Of course, unreliability remains a key problem for both North Korean submarines and missiles. Missile accidents at sea can lead to the destruction of a submarine; the Soviets lost or nearly lost several ballistic-missile boats during the Cold War, and rumors persist that China lost one of its early boats. The Korean People’s Navy would likely struggle to operate any SSBs at the distance, depth and time frame normally associated with deterrent patrols.
It is not clear how the North Koreans intend to use their ballistic-missile submarines. Typically, SSBs offer the most secure kind of second-strike deterrent, as subs on patrol are more difficult to target than stationary missile installations or airfields. However, these boats lack nuclear reactors necessary to long-term, long-range patrols, and also lack many of the modern features that allow conventional submarines to escape scrutiny from their larger, more capable nuclear cousins. Indeed, the ability of the Sinpo-class submarines to escape port without surveillance from U.S., Japanese and South Korean antisubmarine assets is in deep question. And even after it escapes, the ROKN, JMSDF and USN have extensive surface, subsurface and air assets to track and target the submarine while on patrol.
Moreover, North Korea lacks the basic requirements to carry out a bastion strategy, which needs extensive antiair, antisubmarine and antimissile defenses. The extant naval forces of the DPRK would suffer quick destruction during an American attack, and North Korean A2/AD systems would not long be able to provide a bubble for the SSBs to operate.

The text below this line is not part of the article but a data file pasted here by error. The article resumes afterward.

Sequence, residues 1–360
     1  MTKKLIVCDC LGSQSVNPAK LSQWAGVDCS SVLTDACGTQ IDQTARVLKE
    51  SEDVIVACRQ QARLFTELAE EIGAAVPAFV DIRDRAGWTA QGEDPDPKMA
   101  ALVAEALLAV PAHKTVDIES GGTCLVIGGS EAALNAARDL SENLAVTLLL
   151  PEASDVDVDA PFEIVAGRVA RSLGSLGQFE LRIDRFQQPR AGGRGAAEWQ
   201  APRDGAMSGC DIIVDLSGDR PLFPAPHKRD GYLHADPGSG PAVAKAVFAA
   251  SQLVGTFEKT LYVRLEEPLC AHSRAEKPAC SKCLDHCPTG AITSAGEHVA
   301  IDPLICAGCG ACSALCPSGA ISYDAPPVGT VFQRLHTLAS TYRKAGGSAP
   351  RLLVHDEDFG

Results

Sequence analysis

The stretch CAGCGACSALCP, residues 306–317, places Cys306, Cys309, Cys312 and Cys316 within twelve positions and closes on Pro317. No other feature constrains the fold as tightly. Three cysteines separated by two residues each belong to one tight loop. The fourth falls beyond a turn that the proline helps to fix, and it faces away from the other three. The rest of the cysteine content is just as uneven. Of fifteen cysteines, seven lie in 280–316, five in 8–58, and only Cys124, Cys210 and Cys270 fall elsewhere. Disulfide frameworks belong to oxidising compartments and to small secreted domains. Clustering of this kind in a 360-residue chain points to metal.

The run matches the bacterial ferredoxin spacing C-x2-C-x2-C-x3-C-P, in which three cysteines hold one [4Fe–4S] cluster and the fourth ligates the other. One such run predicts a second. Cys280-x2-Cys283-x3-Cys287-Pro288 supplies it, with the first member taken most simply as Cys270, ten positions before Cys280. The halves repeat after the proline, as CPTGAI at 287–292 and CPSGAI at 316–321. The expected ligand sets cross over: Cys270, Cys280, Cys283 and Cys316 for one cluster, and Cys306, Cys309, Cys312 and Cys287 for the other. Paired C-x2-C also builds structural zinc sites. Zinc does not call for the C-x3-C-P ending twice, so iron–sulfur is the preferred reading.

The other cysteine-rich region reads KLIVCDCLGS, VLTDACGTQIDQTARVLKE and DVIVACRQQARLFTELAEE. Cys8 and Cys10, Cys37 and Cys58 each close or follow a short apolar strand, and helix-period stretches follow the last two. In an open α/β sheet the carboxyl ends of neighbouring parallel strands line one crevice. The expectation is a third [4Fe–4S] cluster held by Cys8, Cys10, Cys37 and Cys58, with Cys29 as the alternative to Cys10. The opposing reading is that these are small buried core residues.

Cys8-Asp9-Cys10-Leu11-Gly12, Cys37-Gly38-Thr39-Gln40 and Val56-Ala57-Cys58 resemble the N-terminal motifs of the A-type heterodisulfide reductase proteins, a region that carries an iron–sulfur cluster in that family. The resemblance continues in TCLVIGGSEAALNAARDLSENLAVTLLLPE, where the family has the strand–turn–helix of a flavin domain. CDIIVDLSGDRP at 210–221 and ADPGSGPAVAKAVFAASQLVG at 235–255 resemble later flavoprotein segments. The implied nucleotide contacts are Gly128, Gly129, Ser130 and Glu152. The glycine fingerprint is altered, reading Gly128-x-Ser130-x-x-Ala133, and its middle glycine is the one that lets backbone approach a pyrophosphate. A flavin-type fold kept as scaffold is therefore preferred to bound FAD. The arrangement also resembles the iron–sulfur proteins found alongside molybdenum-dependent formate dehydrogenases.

Finally, any SSBs would likely be targeted in any preemptive or preventive U.S. attack against North Korean missile facilities. Given the high value of the targets, the attacks would likely overwhelm any port defenses, and destroy the submarines before they could launch their payloads. Even an effort to protect the submarine through hard defenses (a cave, for example) would starkly limit the cruising time available to the boat for launching its missiles.
However, under peacetime conditions the KPN could deploy SSBs, even under U.S. and Japanese scrutiny. Despite their extreme vulnerability, it is unlikely that U.S. or Japanese forces would attack the submarines simply for leaving North Korean waters.
• North Korea’s ballistic missile program is sufficiently advanced to develop and deploy SLBMs.
• Submarines of the size necessary to launch SLBMs are well within the capabilities of the North Korean navy.
• These submarines do not constitute a true second-strike deterrent, as they are extremely vulnerable to either ASW (at sea) or missile strikes (in port).
• These submarines could potentially constitute a first strike force against targets that North Korea cannot otherwise easily reach, although their deployment would significantly ratchet up tensions.
North Korea’s SSBs certainly complicate the job facing American, South Korean and Japanese planners, but they do not provide a practical second-strike capability.
Robert Farley, a frequent contributor to TNI, is author of The Battleship Book. He serves as a Senior Lecturer at the Patterson School of Diplomacy and International Commerce at the University of Kentucky. His work includes military doctrine, national security, and maritime affairs. He blogs at Lawyers, Guns and Money and Information Dissemination and The Diplomat.